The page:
The past 24 hours gave me my money’s worth for Peace Corps experiences. Here is the run down in multiple parts (not in chronological order).
Part 1 Patranales (Possibly spelled incorrectly)
Every town in the Dominican Republic has one of these; it’s their celebration of the patron saint for that town. Depending on the size of the town it can vary from a couple days of dancing, drinking and partying to a full on music festival that welcomes the DR’s finest musical assets in Salsa, Meringue, Bachata and Mambo (lucky for me, at 30,000 people my town is big enough to get the music festival). It was supposed to happen September 9th to September 15th for Constanza but because of Hurricane Ike the party got moved to this week. It started on Thursday the 25th but I was still getting over the fever and didn’t make it. However, I did wake up to the firework show that went off at about 11:30 that night. Sadly I missed a good portion of it because I have grown accustomed to loud noises and explosions while I am sleeping. As I watched the fireworks from the balcony, I vowed that Friday night I would not miss Sex Appeal… that is the name of the country’s best salsa group.
I arrived at about 10:15 to the park where the show was going on, I ran into the youth I work with and a new Peace Corps trainee from Kansas. She was there with her 14-year old host sister and her 14-year old host sister’s husband. I couldn’t help but ask her who was chaperoning who that night. She told me they were actually both chaperoning her 13-year old host sister, who had recently disappeared with her boyfriend. I tagged along while she looked for the sister, and at the same time I looked for some juice to drink.
She didn’t find the sister, but I did find some juice. It turns out you can only by it for five dollars (150 pesos) and it comes with 400 mL (about a beer can) of rum. They only gave me a little plastic bottle (150 mL, and yes, I was taking notes on the quantities) of juice, which meant that the cranberry juice I had bought to quench my thirst actually burned a little bit. We returned to the stage area with my two styrofoam cups of pain juice just in time to watch Sex Appeal take the stage. I put one of the cups down, and told her that I am not here to suffer, and that I would not be touching the second cup. I also realized that if I was not the only one that they were selling this pain juice to, this place was probably going to get pretty rowdy. After this thought our conversation for the following 10 seconds went like this:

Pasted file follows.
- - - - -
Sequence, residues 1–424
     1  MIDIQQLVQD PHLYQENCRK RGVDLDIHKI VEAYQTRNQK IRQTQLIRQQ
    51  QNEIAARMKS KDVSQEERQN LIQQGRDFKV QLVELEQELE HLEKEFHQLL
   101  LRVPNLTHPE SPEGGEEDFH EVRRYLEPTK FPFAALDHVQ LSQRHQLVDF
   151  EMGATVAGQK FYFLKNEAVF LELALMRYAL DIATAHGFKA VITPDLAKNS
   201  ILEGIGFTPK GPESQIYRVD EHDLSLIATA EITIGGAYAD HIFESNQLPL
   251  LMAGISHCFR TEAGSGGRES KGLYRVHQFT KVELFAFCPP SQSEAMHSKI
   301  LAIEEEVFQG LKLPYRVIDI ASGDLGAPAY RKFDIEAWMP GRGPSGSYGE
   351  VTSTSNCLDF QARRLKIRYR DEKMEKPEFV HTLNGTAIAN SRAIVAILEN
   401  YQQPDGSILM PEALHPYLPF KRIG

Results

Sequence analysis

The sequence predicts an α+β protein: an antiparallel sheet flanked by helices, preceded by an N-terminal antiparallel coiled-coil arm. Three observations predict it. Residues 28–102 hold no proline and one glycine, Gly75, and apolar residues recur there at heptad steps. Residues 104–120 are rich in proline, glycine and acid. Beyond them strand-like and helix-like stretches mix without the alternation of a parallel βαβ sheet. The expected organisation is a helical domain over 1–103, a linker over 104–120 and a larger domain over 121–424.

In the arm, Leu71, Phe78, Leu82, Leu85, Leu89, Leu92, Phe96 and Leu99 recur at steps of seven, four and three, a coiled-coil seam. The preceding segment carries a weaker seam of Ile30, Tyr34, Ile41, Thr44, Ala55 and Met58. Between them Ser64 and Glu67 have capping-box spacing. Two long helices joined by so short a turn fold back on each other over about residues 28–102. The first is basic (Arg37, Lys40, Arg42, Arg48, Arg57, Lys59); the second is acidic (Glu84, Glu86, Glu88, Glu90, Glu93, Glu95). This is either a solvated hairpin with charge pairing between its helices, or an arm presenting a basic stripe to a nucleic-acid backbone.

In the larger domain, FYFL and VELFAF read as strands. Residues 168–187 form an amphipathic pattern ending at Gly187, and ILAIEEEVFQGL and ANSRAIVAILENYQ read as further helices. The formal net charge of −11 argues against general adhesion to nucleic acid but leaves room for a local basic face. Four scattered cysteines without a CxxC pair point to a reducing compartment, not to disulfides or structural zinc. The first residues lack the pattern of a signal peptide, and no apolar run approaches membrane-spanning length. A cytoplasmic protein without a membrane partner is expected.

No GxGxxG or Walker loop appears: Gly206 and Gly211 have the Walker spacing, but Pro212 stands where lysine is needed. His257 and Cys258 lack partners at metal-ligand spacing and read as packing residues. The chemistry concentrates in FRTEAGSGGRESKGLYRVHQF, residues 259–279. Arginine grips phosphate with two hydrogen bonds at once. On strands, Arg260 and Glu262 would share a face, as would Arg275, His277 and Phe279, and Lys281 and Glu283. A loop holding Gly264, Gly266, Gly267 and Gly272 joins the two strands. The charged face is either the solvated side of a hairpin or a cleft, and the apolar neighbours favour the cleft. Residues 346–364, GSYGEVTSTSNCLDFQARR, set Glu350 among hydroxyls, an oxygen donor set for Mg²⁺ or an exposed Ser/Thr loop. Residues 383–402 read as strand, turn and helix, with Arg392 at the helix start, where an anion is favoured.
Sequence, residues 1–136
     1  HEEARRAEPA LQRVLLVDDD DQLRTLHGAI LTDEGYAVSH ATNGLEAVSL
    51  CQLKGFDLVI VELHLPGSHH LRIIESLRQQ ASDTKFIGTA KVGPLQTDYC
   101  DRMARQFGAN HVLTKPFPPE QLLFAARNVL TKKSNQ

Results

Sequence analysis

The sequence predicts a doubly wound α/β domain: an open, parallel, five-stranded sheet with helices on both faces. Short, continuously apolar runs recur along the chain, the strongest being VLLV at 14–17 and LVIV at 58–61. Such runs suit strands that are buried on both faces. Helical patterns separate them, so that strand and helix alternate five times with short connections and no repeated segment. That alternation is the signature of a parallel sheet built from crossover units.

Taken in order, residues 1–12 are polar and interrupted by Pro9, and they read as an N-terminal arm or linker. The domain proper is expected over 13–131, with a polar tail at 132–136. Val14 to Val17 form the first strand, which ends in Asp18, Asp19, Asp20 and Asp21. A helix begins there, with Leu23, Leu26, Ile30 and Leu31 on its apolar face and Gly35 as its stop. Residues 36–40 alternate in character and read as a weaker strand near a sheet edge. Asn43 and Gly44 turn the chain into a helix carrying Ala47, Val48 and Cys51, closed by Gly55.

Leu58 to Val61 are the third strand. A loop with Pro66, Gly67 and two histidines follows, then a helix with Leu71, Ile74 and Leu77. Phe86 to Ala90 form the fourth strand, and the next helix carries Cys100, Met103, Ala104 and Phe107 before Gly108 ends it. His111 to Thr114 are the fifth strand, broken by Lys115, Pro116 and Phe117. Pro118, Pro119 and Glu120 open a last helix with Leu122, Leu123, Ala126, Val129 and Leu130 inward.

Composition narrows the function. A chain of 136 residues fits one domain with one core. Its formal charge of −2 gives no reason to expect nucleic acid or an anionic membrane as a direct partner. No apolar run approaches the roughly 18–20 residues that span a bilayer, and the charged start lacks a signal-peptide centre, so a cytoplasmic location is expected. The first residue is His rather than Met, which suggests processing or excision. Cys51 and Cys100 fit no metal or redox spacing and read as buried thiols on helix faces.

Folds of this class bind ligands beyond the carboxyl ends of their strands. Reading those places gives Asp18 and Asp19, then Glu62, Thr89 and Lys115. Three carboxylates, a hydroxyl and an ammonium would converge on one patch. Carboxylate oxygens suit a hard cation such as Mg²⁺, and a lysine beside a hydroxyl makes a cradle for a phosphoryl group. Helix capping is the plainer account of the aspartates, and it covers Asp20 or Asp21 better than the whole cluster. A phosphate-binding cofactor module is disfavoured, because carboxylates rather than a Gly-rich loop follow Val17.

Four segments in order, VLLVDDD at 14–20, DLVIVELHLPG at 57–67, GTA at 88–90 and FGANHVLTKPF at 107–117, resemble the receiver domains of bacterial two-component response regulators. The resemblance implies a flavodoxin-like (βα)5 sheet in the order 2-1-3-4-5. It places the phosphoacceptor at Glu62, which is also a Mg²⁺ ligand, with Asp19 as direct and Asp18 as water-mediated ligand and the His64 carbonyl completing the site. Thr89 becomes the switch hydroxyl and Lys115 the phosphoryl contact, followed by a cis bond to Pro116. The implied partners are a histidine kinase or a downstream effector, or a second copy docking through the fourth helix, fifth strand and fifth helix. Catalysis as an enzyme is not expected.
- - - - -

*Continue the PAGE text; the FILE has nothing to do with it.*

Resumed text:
Me: “Hey look over there”
Girl from Kansas: “What”
Me: All those people are running it looks like we got a fight on our hands!
Kansas: Sure enough, there they are.
Me: Its funny how the military monitors events in this country, in the states its usually the police.
Kansas: Well they have bigger guns than the police
Me: Yeah but they’re never loaded, and I think everybody knows it- oh wait – he’s putting in a clip… uh maybe we should go over there for a minute.
We start to walk away but before we make it five feet the soldiers have the two fighters restrained. People shuffle back into the gap and the show goes on, actually I don’t think the show ever stopped. We watch the show for a little bit but she has to get home because her married host sister has to be home by 11 PM. I go and find my Dominican youth buddies (that are actually 20 and 21 years old, so not really youth) they offer me a seat and I watch the rest of the show from there. It was a really good view of everything, and it was one of the Peace Corps moments I had been hoping for. We were sitting on a ledge and the people below us were salsa dancing their hearts out, on stage there was a local guy who was invited to sing one of the classic songs for the band instead of the lead singer. It was pretty great because every time there was a break down, everyone on stage started salsa-ing away. In the mean time I looked up at the sky, and because of the giant floodlights that were illuminating the stage, there was a cloud of moths and insects flying overhead so thick I was reminded of Moses’ plagues on Egypt. The cloud was so thick that at one spot, directly in front of the lights, there was a clearing where people wouldn’t stand; except the poor kids who couldn’t find little salsa dance partners and instead decided to dance around swatting bugs to the music.